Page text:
AmeriCorps projects get $4 million in federal funds to meet local needs

10 months 2 weeks 5 days ago Thursday, August 03 2017 Aug 3, 2017 Thursday, August 03, 2017 8:28:00 AM CDT August 03, 2017 in News
By: Eva Cheng, KOMU 8 Reporter
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COLUMBIA - The Missouri Department of Economic Development awarded more than $4 million of federal funding to more than 20 Missouri community development projects to support their AmeriCorps members

Primaris Foundation’s CLAIM and the Missouri River Communities Network’s Healthy Food AmeriCorps Program are two of the projects on the list.

Executive Director of Primaris Foundation, Carol Beahan, said the organization will have 13 AmeriCorps Members for the service year of 2017-2018.

“They are able to assist people on Medicare to explain their benefits to make informed decisions and advocate for people when in a complex medical system become confused or tangled,” she said.

Beahan said the grant will help with the members’ work in 13 targeted counties.

“The knowledge and understanding they share with a person to understand their Medicare benefits can lead the person to receive preventative services they may have not known about, resolve a coordination of benefit issue, or save money by choosing a plan that better met their needs,” she said. “They make a difference every day in peoples lives.”

Executive Director of the Missouri River Communities Network, Steve H. Johnson, said the organization received about $133,000 to sponsor 10 AmeriCorps members, who will serve in six different communities in Ashland, Columbia, Kirksville, Kansas City and St. Louis.

Johnson said the organization has been doing the Healthy Food AmeriCorps Program for a few years, and it always partners with other local nonprofits by providing “AmeriCorps resources”—the grant and members—to support their existing programs doing “garden-based nutrition education.”

Clint Brinkley, 24, is about to start his third year in the Healthy Food program. He said he served as the organization’s AmeriCorps member in Ashland at Southern Boone Primary School and taught children from kindergarten to fifth grade once a month to grow food.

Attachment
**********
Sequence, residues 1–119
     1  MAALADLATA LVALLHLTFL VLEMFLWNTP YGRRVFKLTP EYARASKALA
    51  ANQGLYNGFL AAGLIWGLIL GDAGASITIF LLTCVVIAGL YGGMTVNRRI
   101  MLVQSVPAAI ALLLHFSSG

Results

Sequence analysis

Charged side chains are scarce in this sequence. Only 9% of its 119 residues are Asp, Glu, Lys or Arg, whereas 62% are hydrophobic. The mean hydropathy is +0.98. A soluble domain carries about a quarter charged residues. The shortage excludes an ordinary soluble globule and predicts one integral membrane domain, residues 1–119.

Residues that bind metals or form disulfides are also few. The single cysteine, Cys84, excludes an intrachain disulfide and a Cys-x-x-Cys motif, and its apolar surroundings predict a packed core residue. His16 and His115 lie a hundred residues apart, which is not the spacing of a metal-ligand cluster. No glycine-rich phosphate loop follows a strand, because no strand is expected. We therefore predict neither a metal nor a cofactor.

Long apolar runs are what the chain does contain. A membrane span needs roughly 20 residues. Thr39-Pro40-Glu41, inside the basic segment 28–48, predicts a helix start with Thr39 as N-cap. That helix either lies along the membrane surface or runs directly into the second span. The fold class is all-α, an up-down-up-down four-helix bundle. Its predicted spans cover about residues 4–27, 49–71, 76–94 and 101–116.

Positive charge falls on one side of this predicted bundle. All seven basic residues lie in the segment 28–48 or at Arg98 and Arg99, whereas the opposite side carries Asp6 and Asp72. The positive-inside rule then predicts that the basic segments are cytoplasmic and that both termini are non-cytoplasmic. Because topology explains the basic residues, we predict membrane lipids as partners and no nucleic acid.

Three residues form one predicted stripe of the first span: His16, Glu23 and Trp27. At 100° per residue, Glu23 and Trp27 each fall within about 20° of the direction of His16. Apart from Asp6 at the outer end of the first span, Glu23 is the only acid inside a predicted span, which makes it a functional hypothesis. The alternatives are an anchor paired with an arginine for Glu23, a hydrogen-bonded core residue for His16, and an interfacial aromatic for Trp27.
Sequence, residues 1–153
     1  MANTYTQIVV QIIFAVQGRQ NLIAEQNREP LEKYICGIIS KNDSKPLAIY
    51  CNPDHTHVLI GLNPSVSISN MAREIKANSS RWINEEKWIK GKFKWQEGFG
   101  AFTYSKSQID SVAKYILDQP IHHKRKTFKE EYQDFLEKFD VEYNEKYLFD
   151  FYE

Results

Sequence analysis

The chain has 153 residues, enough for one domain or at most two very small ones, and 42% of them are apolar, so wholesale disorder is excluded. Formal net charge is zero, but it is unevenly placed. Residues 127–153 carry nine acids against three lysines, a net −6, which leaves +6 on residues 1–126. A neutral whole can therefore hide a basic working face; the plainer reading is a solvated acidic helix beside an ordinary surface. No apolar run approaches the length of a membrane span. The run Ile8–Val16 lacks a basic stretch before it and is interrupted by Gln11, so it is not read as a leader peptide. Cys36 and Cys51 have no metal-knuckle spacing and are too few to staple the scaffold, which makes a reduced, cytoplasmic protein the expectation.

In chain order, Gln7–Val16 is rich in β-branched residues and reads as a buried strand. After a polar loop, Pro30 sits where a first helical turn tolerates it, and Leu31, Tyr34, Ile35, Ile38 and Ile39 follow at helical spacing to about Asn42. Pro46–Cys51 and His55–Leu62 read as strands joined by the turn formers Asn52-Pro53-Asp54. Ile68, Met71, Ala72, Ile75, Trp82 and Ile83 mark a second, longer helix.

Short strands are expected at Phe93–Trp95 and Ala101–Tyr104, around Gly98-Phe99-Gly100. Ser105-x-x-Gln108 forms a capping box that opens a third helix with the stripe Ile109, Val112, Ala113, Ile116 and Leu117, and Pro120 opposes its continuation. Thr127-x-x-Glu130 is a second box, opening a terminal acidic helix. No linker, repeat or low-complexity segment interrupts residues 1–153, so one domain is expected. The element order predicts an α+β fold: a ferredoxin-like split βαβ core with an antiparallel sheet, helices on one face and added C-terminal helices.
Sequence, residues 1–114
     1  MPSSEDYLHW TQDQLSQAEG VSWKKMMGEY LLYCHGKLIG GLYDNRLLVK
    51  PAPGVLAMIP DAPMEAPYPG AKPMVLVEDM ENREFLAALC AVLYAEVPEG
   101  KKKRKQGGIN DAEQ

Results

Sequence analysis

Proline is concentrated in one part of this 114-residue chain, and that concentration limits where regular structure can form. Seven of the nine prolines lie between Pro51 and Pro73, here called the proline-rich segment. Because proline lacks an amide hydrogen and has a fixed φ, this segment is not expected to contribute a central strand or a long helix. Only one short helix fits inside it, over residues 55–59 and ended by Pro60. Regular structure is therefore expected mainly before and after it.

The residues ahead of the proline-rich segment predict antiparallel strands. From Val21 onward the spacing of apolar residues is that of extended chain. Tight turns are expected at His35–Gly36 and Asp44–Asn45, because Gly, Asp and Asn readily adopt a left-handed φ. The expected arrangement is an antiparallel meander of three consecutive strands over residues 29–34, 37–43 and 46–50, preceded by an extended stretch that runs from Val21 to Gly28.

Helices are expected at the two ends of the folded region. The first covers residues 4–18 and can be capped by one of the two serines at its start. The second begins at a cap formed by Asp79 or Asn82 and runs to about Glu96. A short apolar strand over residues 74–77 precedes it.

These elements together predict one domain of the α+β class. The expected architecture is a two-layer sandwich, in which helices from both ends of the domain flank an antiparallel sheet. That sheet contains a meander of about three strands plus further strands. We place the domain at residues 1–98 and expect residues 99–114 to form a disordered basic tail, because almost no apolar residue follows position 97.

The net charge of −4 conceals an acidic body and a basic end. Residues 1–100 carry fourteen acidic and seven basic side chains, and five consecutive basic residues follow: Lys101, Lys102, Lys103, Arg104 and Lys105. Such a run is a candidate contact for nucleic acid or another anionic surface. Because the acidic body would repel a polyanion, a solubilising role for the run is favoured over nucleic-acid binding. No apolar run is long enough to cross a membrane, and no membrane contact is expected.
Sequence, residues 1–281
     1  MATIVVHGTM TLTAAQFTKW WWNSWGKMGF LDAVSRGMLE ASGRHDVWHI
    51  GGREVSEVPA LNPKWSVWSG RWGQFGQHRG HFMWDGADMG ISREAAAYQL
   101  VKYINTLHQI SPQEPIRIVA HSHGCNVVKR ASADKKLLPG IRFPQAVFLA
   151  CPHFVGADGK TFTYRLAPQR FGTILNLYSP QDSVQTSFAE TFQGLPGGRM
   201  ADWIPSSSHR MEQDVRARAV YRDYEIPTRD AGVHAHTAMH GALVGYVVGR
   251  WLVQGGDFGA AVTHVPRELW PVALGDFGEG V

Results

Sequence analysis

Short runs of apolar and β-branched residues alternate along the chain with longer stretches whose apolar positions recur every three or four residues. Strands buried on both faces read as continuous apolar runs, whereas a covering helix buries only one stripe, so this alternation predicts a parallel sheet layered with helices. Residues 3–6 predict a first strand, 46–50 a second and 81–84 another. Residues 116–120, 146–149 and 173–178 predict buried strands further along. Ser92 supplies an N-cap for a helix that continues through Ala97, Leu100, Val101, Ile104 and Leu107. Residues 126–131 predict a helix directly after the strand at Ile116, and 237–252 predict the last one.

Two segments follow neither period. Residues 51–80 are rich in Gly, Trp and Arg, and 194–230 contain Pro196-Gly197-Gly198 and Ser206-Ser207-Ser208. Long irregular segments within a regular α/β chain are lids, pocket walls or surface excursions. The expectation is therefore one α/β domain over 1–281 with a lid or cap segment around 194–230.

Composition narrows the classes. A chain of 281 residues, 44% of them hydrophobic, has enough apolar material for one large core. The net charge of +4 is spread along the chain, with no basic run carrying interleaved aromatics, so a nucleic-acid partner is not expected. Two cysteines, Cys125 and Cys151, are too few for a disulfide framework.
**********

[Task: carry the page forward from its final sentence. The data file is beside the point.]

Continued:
“You would see kids the first month of the school year, and some of them wouldn’t understand that a carrot comes out of the ground, you know, much less be willing to eat things like that,” he said.

Brinkley said, over time, the project saw “wild improvements” in students’ eating habits, as they felt more comfortable and less afraid of the healthy food they grew.

“You teach them what goes into taking care for it, watching it turn from a seed to a sprout, and it’s this huge full plant,” he said. “And then, the best part is taking it out of the ground, you know, wash it—they get to see how nice and orange and bright it is. And then, they’re just so much more willing to eat it.”

Matthew Dolan, 26, will work in Columbia at the Columbia Center for Urban Agriculture on a different program. 

He said the program also advocates for healthy food but is targeted toward Columbia residents living with reduced resources to equip them with knowledge they need to “start making healthy food for themselves in their backyards.”

“They’ll learn it at their own houses,” he said. “We go to a person’s house and build a raised bed garden and bring seeds, bring the soil fill in the garden, the compost and everything.”

Johnson said as an organization aiming to “enhance stewardship of the Missouri River,” it hopes to use the federal grant to develop better programs that’ll essentially promote economic development in the entire Missouri River Valley.

“The most immediate opportunity for economic development in the Missouri River Valley is to start growing our own food, instead of shipping it in from California or Colorado or Texas or Mexico,” he said.

According to Johnson, Boone County alone spend around $850 million a year on food.

“Right now, every time we spend a dollar on food that is not grown in Boone County, that money leaves our community,” he said. “So it’s a little ironic that we’re buying most of our fruits and vegetables from thousands of miles away.”

Johnson said he wants more local people to utilize natural resources to grow food.

“Here in the Missouri River Valley, we have some of the most fertile soil on the face of the earth, and we have something that a lot of areas of the world and a lot of areas in the United States don’t have, which is water,” he said.

Johnson said the grant helps pay for the members’ living allowance and health insurance, but it won’t do too much.

“You don’t get rich being an AmeriCorps member,” he said. “Your living allowance is about $1,000 a month.”

Brinkley said he joined AmeriCorps at age 21, and he hasn’t left.

“I kinda fell in love with service,” he said. “You know, it felt so good and satisfying to be able to give back to my community, whether it be my local community or my national, world community.”

 

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